Early Graves - We: The GuillotineAnother one that I slept on for a little too long is "We: The Guillotine", the debut full-length from San Francisco's Early Graves on Ironclad Recordings. I couldn't tell you why I set this disc aside as something that I might like to check out when I had a little more time, but I did, and again I'm wishing I hadn't waited quite so long, as this is easily one of the best full-on "metalcore" records I've encountered as of late. The material falls amidst that rare breed that efficiently blends the more grinding, chaotic, and discordant metal riffing and constant change-ups with surging, meaty rhythms while still maintaining tangible hardcore influences here and there, not to mention some actual lyrical substance ('cause let's face it, there are just a shitload of bands of this nature out there whose lyrics simply don't matter). I don't know, it's diverse without at all coming off as all over the place, so the songwriting maintains a strong sense of cohesion that easily places the band's work above much of their contemporaries. And I think this is the best damn thing I've ever heard from Steve Austin's production duties, too. In the past I've not been a big fan of a lot of his work in this realm, but for the most part this record sounds fuckin' great: Heavy as hell but with a good amount of distinction between the guitars and bass, crisp percussion, and a really fuckin' powerful vocal sound that accentuates the delivery very well. What can I say? I tend to be pretty picky about this whole niche, especially within the last year or so, but this is an incredibly solid effort that gets me curious to see where they'll go from here…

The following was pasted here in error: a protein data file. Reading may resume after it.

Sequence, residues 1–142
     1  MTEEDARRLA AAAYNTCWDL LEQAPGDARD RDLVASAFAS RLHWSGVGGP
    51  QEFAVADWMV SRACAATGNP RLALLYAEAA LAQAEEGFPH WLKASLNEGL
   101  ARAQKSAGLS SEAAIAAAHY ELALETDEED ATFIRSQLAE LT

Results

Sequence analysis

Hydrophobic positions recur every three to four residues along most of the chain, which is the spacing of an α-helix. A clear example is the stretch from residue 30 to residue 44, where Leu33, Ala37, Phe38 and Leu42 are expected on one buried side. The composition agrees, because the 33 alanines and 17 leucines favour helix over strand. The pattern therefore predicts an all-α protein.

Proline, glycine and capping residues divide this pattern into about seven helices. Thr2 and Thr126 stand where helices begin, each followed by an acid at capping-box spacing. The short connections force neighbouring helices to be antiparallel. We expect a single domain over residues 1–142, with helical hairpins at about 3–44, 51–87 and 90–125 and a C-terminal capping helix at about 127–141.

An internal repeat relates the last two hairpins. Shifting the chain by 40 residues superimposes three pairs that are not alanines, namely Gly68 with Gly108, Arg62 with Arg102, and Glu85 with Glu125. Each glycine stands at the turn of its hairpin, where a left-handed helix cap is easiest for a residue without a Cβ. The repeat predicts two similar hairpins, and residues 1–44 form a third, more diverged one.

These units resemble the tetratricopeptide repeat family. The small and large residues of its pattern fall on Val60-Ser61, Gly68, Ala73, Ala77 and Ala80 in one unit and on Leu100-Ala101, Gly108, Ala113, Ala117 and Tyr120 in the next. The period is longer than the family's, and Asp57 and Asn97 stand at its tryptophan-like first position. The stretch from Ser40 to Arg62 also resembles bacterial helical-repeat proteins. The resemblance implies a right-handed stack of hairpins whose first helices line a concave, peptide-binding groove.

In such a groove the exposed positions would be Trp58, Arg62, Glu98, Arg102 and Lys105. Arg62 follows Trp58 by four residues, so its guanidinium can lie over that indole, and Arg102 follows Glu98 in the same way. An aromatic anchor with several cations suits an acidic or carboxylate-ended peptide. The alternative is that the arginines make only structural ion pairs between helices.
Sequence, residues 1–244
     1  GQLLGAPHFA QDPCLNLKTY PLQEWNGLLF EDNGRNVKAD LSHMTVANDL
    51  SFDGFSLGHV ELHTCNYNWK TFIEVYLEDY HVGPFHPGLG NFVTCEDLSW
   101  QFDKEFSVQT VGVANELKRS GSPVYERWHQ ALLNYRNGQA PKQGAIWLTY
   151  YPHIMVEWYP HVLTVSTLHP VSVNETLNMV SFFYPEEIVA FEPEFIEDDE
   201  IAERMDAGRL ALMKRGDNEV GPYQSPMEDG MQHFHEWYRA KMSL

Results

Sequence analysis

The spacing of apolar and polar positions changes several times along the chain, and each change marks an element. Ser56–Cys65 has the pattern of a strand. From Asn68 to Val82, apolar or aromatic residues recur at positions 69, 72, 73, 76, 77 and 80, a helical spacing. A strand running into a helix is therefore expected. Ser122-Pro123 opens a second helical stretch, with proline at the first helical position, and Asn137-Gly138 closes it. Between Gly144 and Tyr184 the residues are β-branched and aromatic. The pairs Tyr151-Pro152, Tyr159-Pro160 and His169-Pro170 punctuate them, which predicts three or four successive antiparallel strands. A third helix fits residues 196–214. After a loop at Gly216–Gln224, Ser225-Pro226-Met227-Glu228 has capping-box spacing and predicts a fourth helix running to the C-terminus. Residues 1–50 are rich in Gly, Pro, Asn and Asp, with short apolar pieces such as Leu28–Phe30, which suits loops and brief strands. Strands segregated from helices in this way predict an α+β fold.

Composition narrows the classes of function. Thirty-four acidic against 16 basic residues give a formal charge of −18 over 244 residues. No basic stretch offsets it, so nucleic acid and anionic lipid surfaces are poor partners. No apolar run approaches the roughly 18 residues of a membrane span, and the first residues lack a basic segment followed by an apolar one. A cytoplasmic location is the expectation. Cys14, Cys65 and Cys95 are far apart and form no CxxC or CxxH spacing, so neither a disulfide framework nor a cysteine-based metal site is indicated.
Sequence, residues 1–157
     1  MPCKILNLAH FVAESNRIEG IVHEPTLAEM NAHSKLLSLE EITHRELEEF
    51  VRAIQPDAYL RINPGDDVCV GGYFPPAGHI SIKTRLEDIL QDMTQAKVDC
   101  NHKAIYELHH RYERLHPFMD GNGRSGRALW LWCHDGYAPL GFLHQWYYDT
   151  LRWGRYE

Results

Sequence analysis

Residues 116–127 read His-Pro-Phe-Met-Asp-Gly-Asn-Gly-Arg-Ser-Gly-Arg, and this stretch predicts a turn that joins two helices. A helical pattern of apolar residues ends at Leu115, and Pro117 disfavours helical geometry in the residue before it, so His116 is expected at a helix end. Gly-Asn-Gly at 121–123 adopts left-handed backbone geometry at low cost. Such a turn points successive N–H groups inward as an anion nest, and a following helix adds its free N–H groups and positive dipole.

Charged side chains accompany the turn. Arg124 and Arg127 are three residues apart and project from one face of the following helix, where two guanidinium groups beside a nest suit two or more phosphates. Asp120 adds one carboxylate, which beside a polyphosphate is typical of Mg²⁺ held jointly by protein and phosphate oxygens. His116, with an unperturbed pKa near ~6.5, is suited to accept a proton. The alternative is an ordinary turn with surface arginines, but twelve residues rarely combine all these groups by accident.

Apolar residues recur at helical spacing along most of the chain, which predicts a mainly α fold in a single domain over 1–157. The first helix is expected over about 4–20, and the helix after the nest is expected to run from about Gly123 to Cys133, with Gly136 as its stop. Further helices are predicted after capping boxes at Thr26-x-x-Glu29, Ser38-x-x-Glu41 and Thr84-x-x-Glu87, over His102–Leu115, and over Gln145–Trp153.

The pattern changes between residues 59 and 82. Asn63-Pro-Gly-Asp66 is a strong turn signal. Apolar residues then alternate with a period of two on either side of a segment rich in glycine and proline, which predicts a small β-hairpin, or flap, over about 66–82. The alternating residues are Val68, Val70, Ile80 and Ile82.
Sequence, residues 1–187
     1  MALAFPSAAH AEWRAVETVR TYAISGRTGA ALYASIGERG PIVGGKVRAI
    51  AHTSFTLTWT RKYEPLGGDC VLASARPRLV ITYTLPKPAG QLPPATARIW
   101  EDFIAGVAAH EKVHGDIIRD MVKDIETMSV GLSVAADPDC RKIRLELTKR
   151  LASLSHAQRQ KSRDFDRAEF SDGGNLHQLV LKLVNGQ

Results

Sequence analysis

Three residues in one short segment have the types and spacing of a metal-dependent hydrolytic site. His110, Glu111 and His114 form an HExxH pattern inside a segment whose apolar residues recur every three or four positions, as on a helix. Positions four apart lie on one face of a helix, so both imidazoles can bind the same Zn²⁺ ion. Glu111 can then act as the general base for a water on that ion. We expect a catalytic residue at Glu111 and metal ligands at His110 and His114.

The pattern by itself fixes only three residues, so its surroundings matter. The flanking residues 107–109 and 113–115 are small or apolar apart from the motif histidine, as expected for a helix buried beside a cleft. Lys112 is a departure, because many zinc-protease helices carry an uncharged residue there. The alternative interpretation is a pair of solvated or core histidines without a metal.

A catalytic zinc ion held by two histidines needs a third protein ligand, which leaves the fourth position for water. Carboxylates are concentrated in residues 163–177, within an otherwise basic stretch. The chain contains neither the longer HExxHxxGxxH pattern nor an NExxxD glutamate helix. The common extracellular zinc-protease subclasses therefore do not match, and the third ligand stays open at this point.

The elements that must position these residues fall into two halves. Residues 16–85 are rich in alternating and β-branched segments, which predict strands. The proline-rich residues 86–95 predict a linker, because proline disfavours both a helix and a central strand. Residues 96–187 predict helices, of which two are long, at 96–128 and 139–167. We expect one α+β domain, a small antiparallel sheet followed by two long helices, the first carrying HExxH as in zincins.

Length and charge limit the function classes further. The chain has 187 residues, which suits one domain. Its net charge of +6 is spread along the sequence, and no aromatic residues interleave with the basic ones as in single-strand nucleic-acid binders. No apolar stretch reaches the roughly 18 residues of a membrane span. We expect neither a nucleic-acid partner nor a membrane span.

Early Graves "Safety Net Acrobats"
Early Graves "Borrowed Teeth Borrowed Claws"

Purchase:

@ Metal Blade Records (CD)
@ Relapse Records (CD)
@ RevHQ (CD)
@ Amazon.com (mp3)

Bison B.C. "Quiet Earth" CD

Posted on Wednesday, November 5th, 2008 @ 4:32am » permalink

Bison B.C. - Quiet Earth"Quiet Earth" is the sophomore full-length from Canada's Bison B.C. (released by Metal Blade Records), who I had never heard of before, but will certainly be looking forward to hearing more from. I sat on this one for a few weeks because for some reason I feared it might be rather generic "stoner rock" (Maybe it was their logo? I don't know.) – a genre that I've always been fairly picky about – but something about the aesthetic of the cover art intrigued me, so I gave it a shot. And hot damn am I glad I did, because this shit is fucking great. There is a certain degree of that whole "stoner rock" influence happening (mainly due to some fiery leads and the occasional foray into straightforward dual guitar harmonies), but for the most part we're talkin' eight tracks of doomy, sludgy, hardcore/punk-infused rock in a little under 45 minutes, and this shit's way more diverse and high-energy than the vast majority of bands operating in and around this particular realm. It's heavy as hell but super crisp, with an absolutely stellar bass presence, and the quality of the riffs is top fucking notch – not only faster and more aggressive than most such acts, but weaving in sparse discordant textures and even some old school sounding metal rhythms that's all just a hell of a lot more creative than what you'd expect, which pays off big time. Very cool. I'm quite surprised I'm not seeing more mentions of these guys out there as of late, 'cause this is a killer set of tunes.